Posts Tagged ‘business plan’

6 Myths About Starting a Business

July 17th, 2013

Lots of people decide to take the entrepreneurial path and start their own business. The idea of being your own boss, making it big, and having a company that you can point to as your life’s work is very appealing. But the realities of starting up a small business are sometimes overshadowed by myths which make it difficult to deal with the real challenges that arise in those first few years, resulting in unreasonable expectations, frustrated entrepreneurs and potentially a failed business.

Here are some small business startup myths that might keep you from realizing your vision:

1. You should spend a lot of time preparing a detailed business plan
A client of mine in Gardena believed, as many business owners believe, that they should spend a lot of time preparing a detailed business plan, and that the business plan needs to include lots of what-ifs and elaborate financial projections. A grain of truth obscures a much larger point here. Yes, it’s smart to have an overall strategy in mind before diving into a business of any kind.  However, it’s very possible that by the time you finish your do-all-end-all business plan, the market will have changed so much that it will be about time to start on a new one. Business plans are especially important in the initial phases, as it is essential your businesses road map includes your goals. It is also important that you refer back to your plan every few months, check these goals, and add or change them accordingly.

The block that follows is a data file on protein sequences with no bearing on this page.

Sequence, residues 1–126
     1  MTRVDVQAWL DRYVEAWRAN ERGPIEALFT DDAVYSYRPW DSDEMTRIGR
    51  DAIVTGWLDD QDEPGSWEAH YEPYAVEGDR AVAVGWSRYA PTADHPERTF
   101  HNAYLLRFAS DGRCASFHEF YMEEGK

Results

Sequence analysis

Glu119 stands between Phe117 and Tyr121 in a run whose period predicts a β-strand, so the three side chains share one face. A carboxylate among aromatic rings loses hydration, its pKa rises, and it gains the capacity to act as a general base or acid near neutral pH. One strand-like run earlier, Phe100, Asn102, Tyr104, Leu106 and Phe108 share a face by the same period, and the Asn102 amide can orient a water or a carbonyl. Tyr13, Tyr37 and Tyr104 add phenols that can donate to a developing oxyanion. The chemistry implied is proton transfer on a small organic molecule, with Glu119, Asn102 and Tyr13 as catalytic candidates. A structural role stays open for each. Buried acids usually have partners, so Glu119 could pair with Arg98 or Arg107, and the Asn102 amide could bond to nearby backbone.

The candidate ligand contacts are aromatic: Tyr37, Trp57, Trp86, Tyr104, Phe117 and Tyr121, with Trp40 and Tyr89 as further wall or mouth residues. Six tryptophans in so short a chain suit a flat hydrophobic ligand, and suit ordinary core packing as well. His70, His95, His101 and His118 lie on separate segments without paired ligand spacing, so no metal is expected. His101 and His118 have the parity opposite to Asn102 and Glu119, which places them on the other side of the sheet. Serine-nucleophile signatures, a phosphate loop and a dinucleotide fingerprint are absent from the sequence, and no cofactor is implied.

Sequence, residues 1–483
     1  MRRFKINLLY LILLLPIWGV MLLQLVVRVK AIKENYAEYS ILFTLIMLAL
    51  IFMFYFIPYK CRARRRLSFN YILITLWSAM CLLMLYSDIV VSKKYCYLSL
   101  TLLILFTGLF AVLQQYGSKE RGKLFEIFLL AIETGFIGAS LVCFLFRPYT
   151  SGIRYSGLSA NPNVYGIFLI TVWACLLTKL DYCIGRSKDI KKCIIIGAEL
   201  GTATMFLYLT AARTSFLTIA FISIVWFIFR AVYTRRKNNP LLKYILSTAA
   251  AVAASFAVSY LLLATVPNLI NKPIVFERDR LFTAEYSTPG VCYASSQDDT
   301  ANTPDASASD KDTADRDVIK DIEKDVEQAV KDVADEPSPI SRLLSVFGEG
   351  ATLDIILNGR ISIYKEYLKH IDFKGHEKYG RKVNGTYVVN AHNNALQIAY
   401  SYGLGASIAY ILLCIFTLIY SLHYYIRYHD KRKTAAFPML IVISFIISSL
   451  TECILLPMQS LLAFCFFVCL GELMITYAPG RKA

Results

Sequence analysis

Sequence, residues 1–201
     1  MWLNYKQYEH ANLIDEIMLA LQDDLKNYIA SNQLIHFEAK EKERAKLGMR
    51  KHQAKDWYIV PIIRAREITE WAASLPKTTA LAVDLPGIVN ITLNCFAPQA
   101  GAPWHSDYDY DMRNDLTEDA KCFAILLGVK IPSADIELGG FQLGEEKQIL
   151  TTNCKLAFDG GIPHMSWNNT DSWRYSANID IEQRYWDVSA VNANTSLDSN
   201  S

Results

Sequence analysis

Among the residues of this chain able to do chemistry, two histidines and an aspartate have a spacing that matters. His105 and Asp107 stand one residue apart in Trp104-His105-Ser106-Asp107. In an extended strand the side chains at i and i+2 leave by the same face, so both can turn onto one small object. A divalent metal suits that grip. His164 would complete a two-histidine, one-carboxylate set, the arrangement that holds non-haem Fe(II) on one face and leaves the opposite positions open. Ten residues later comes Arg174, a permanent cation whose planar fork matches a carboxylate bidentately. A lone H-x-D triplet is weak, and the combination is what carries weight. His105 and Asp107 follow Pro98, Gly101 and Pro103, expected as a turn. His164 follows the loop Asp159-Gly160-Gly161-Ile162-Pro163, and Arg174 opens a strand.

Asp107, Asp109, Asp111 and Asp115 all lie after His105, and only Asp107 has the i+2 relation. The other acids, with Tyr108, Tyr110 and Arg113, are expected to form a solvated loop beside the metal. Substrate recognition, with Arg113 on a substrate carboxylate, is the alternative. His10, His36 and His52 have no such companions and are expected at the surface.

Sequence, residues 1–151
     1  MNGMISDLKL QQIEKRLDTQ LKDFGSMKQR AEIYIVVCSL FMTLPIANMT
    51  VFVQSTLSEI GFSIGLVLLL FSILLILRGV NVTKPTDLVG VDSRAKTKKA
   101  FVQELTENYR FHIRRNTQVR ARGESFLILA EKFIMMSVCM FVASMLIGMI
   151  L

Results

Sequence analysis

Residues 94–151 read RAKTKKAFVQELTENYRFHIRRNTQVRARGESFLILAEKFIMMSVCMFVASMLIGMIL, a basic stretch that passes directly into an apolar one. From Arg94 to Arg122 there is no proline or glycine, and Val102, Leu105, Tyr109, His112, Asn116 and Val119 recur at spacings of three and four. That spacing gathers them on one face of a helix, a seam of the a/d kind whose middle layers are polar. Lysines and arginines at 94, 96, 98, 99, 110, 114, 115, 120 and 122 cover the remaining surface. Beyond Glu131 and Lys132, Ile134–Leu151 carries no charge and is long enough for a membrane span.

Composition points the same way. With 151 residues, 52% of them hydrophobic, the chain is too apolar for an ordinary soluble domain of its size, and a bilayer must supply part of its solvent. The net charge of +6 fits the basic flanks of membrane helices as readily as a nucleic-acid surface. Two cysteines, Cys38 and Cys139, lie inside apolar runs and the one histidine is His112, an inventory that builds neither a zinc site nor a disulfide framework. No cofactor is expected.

The problem is that detailed plans work best when you are pursuing a fixed goal, such as losing weight or sticking to a budget. In these cases, a planned sequence of steps will best accomplish the goal. In business however, the goal is meeting consumer demand, which is often a moving target. Look at all the businesses (like Google) that are now doing something radically different from their original plan. So create your business plan, and then get busy developing a product and trying to sell it. Then resolve to be open-minded and react to opportunities as you see them emerge.

2. You have to develop the coolest, most innovative product
Many entrepreneurs think they have to develop the coolest, most innovative product. Entrepreneurs are often creative-types, dreamers and inventors, and they get so caught up in the coolness of their product that they forget that they need see if anyone will actually pay money for it.

What you do need to do is get your product to market as soon as possible, to start generating revenue and gain customer feedback. All companies, large or small, need to be more customer-oriented than engineer-oriented. You have to take into account customer demand, and develop products based on that feedback. Too many entrepreneurs so endlessly improve their products before starting to sell them that by the time they finally do, they’ve run out of capital and have to shut down.

Get a workable product out the door and fix the bugs as you go along. That way you also get valuable feedback about its strengths and weaknesses, for the market doesn’t necessarily agree with you about what’s perfect.

3. You’ll have more time to do what you want